Tip 1: If you really want to get bold and have some money to spend, throw a party of your own and get creative to bring a big draw. Is there a well-known industry pundit or celebrity that you can get to participate and perhaps say a few words? Even consider going in with two or three other companies to pull your money and have a better party. The more creative the better because there is a lot of noise with all of the parties that happen and you will need to rise above that noise to have this be worth your money. I recommend putting more emphasis on creativity than money spent.
The absolute cheapest and simplest trade show hack is to simply do business development and nothing else. If the event has both trade show and conference components, consider paying the money to get access to the conference. Trade show access will be free but the company executives, industry analysts/pundits and others that you probably want to hear speak and have a chance to talk to will be participating in the conference, not standing at a pod in a trade show booth.
Tip 1 (conference sessions): Approach select panelists and moderators after their speech. Sit close to the front so that you can get to them before they get mobbed by others in the audience. Make sure to listen to what they say during the conference session so you can relate to it with your dialog. Keep it very brief (see related article titled “Your Elevator Pitch Only Needs to Accomplish One Thing“) and try to get a business card. If you get a positive reaction, offer to buy them coffee the next morning. As a backup plan, ask if there’s someone from their team at the conference that you should meet with.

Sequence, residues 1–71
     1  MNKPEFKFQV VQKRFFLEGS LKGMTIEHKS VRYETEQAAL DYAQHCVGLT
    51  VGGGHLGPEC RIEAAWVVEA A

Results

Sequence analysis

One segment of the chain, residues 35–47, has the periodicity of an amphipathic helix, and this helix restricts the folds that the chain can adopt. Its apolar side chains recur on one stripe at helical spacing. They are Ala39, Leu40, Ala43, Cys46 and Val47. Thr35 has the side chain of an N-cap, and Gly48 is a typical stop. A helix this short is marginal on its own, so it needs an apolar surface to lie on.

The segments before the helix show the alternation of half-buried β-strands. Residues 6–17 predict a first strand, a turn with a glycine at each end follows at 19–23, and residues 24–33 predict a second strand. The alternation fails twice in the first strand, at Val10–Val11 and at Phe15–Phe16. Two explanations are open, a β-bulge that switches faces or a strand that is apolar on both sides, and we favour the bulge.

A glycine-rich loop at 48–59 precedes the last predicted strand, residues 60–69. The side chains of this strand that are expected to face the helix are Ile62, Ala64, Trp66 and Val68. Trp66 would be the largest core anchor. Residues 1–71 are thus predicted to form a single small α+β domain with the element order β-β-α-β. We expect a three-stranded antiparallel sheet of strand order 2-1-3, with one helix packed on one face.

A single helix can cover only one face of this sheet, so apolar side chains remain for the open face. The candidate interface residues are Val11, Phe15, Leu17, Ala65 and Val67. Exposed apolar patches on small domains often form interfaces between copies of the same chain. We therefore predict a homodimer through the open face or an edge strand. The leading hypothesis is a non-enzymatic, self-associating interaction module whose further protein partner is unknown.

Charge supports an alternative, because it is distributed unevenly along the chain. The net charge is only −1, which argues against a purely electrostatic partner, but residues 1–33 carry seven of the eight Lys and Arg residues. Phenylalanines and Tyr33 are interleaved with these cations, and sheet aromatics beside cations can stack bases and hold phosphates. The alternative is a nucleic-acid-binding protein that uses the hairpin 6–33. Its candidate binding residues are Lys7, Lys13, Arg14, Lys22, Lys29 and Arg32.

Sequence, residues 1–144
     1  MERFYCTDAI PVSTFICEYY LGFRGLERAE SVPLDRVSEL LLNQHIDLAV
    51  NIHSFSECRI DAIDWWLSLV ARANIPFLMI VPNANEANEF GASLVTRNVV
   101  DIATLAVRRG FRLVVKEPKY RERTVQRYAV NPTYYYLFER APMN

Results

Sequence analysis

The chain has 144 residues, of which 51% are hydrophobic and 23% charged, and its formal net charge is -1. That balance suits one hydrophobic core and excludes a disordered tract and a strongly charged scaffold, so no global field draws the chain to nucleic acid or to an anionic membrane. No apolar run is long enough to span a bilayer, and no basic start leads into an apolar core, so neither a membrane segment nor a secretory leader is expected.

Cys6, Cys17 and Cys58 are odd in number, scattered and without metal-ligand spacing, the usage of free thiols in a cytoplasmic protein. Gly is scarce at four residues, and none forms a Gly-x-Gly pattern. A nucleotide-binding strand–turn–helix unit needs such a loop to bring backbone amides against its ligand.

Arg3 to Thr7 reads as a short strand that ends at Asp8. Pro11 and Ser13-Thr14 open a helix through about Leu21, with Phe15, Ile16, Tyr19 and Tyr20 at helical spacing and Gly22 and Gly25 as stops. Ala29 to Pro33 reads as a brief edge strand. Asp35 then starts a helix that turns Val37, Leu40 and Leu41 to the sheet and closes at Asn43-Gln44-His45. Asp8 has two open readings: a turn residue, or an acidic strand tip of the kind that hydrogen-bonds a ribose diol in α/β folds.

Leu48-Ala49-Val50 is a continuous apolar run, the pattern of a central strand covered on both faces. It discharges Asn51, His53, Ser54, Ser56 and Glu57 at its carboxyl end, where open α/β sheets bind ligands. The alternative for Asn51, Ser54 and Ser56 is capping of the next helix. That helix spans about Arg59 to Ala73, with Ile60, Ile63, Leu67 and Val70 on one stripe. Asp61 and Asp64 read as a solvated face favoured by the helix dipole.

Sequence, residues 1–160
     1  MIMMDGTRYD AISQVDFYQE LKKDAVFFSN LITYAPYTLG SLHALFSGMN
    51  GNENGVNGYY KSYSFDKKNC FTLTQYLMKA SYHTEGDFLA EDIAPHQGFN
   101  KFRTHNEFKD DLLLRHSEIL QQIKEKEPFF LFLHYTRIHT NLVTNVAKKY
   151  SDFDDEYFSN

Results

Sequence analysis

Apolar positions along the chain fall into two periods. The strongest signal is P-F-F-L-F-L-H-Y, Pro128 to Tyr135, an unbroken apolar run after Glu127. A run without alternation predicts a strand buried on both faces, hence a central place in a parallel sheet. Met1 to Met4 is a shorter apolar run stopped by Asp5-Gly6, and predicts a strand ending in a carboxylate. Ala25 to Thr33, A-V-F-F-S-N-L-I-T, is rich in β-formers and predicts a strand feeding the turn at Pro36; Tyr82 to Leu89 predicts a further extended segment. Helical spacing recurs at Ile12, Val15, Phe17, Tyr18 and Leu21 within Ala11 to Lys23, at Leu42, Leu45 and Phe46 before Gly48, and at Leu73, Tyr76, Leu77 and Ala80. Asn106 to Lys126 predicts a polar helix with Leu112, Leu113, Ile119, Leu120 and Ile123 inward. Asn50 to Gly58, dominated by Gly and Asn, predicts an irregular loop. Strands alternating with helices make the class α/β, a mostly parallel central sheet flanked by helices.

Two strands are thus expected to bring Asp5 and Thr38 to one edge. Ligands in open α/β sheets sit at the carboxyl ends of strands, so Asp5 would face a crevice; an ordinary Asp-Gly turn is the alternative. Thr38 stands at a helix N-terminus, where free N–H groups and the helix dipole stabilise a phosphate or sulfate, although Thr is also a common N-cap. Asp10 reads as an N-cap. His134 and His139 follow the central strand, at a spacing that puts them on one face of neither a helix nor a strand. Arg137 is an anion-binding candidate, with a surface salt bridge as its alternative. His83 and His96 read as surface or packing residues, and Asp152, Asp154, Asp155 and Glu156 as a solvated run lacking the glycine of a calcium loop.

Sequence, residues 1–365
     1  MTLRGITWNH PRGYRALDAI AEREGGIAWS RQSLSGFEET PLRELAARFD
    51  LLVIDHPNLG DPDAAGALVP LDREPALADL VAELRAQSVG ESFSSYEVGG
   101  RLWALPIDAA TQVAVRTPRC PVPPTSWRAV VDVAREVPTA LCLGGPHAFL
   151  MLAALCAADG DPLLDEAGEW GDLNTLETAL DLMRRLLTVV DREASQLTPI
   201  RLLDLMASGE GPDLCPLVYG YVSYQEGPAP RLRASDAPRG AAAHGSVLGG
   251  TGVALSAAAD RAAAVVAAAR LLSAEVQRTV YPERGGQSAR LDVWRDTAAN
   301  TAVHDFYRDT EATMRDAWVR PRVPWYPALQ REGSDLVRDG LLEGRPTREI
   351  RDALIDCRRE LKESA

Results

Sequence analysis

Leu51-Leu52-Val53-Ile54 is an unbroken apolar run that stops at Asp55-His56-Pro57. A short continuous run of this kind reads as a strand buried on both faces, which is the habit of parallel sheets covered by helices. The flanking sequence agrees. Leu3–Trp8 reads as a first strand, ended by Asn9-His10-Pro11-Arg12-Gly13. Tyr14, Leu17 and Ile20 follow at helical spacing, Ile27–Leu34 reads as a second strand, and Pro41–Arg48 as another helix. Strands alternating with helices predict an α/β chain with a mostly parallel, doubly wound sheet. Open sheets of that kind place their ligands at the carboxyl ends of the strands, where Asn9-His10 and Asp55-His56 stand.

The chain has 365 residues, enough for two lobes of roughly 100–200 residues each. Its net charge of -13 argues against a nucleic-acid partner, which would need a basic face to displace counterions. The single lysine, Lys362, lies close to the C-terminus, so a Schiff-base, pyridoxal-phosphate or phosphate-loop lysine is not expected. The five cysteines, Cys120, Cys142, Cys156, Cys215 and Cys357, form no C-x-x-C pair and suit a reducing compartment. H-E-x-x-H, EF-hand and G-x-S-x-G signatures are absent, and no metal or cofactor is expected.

Tip 2 (trade show floor): Scope out interesting companies ahead of time. They’ll be listed online, including their location on the show floor. Prioritize them so that you’re organized. You might also need to visit their booth more than once because they will rotate their staffing from day-to-day and at different times during the day.
Tip 3 (parties and social events): As mentioned above, attend as many parties and social events as possible. You can find them by monitoring social media and generally asking around as you scout the show floor. The top tier or two of show sponsors are typically the most active with evening social events. Executives will be at many of the parties and since it’s more of a social atmosphere you might have the best chance of getting into a dialog with them. Save a snapshot of the Management Team page from the companies website onto your phone so that you can more easily identify the ones you most want to talk to.